Contrary to popular belief, coil split and coil tap are not just two ways of saying the same thing. There’s quite a big difference in the way they function and the resulting sound. The main effect you get from both is a change is tone and pickup output, but the two sets of electronics go about accomplishing the task in different ways.
A lot of players like to have the option of reducing the output from their guitar pickups. It broadens the available palette of sounds, which is crucial in modern music’s extensive tonal crossovers. This feature is most often found in guitars equipped with hot humbuckers or high-output single coils, as it adds another dimension to the styles you can play with just one guitar.
Nowadays, it’s not as simple as owning a single coil-equipped guitar for “softer” music genres and a humbucker guitar for “heavier” music. The technology is there to expand on guitar tones, so players should naturally expect more diversity across all guitar prices.
What is Coil Split?
Coil splitting only applies to humbucker pickups. Humbuckers consist of two coils and magnets of opposite polarity in order to cancel hum and produce a guitar signal. To split a humbucker is to cut out one coil from the circuit, leaving a single coil to work its magic – just like you’d hear from your standard Strat or Tele.
Why would you want to split the coils of your pickup? Humbuckers produce a very different tone to single coils. They sound thicker, smoother and warmer, with single coils pretty much sounding the polar opposite. It’s good to have the choice of both pickups styles. Single coils are arguably richer in character and dynamism, sitting in a more prominent position on the frequency spectrum. They’re ideal for more nuanced playing or soulful leads – and who wouldn’t want that given the chance?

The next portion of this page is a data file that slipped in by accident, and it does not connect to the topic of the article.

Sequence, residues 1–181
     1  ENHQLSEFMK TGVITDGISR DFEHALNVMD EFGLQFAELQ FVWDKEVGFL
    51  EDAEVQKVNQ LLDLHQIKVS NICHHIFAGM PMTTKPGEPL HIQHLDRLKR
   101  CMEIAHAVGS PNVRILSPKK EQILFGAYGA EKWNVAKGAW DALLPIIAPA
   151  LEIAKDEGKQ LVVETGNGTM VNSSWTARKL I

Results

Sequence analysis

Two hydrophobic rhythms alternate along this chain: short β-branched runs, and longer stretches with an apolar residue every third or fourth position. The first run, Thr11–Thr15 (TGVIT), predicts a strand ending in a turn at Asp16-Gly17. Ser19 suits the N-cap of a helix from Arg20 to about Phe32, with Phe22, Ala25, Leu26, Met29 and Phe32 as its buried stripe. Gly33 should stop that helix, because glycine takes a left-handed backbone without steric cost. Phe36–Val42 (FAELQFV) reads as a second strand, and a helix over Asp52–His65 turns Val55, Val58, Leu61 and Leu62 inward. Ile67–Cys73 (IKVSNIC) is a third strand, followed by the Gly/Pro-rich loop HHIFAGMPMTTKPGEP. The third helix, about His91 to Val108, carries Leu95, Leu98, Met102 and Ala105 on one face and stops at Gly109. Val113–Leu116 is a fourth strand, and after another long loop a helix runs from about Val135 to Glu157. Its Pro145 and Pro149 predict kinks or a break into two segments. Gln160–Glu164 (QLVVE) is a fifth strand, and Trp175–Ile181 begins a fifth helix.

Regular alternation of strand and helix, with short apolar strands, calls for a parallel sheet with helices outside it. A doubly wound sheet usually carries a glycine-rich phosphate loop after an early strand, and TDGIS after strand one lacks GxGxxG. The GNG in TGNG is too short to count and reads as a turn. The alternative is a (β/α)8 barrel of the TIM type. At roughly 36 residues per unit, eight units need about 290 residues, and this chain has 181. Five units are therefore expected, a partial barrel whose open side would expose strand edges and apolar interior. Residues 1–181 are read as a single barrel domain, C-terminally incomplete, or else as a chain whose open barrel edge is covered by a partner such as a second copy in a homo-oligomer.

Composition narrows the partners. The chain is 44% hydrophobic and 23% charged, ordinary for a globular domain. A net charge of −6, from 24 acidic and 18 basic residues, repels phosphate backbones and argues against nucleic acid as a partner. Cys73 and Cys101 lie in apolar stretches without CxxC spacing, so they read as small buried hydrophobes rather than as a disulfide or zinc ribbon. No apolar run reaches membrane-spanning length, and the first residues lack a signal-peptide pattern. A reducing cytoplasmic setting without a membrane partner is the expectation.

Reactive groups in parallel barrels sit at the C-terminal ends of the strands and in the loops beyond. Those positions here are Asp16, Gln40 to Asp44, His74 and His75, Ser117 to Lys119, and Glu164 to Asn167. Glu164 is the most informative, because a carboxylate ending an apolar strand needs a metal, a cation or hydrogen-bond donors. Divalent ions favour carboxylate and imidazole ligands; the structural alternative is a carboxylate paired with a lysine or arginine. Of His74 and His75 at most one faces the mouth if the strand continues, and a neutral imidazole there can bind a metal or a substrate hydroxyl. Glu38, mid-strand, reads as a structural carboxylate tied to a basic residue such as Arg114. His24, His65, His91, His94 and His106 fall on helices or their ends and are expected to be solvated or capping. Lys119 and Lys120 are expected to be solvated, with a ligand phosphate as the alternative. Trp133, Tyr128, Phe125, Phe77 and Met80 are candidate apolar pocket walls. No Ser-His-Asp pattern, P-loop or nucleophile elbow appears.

What is Coil Tap?
Similar to how coil splitting essentially halves a humbucker, coil tapping cancels out the full length of the pickup magnet by taking the signal from a shorter point in the wire (usually around the midpoint). It can be utilised in both humbucker and single coil pickups.
The more windings a pickup has, the more output it produces. And by reducing the amount of wire the signal runs through, you get a lower output that’s more attributed to “vintage” music genres such as classic rock and blues. This is great for recreating an old school tone with a full range frequency and less onus on the midrange.
It’s worth noting that a coil tapped humbucker won’t necessarily sound identical to a single coil pickup unlike coil splitting. There’s a good chance it’ll have more akin to the effect of removing a boost pedal than anything else, reducing a bit of the heat and high-end. Coil tap is generally more of a niche feature and not quite as versatile as coil split. It’s also less frequently used by major companies, but you’ll find it on the occasional Les Paul.
What’s Better: Coil Split or Coil Tap?
Gibson tend to use coil tap the most out of the big guitar manufacturers. This is so they can equip their guitars with modern pickups, while also offering the option of classic PAF sounds if you’re into that too.
Coil splitting circuits are usually found on guitars with two humbuckers. It provides you with alternate tones you’d find useful in mixing up your sound, as well as a quick way to change things up in a live situation. Check out Charvel and Schecter to get a good idea.
In reality, there isn’t one circuit better than the other. Find out for yourself if you prefer coil tap’s vintage tone or coil split’s single coil and humbucker versatility.
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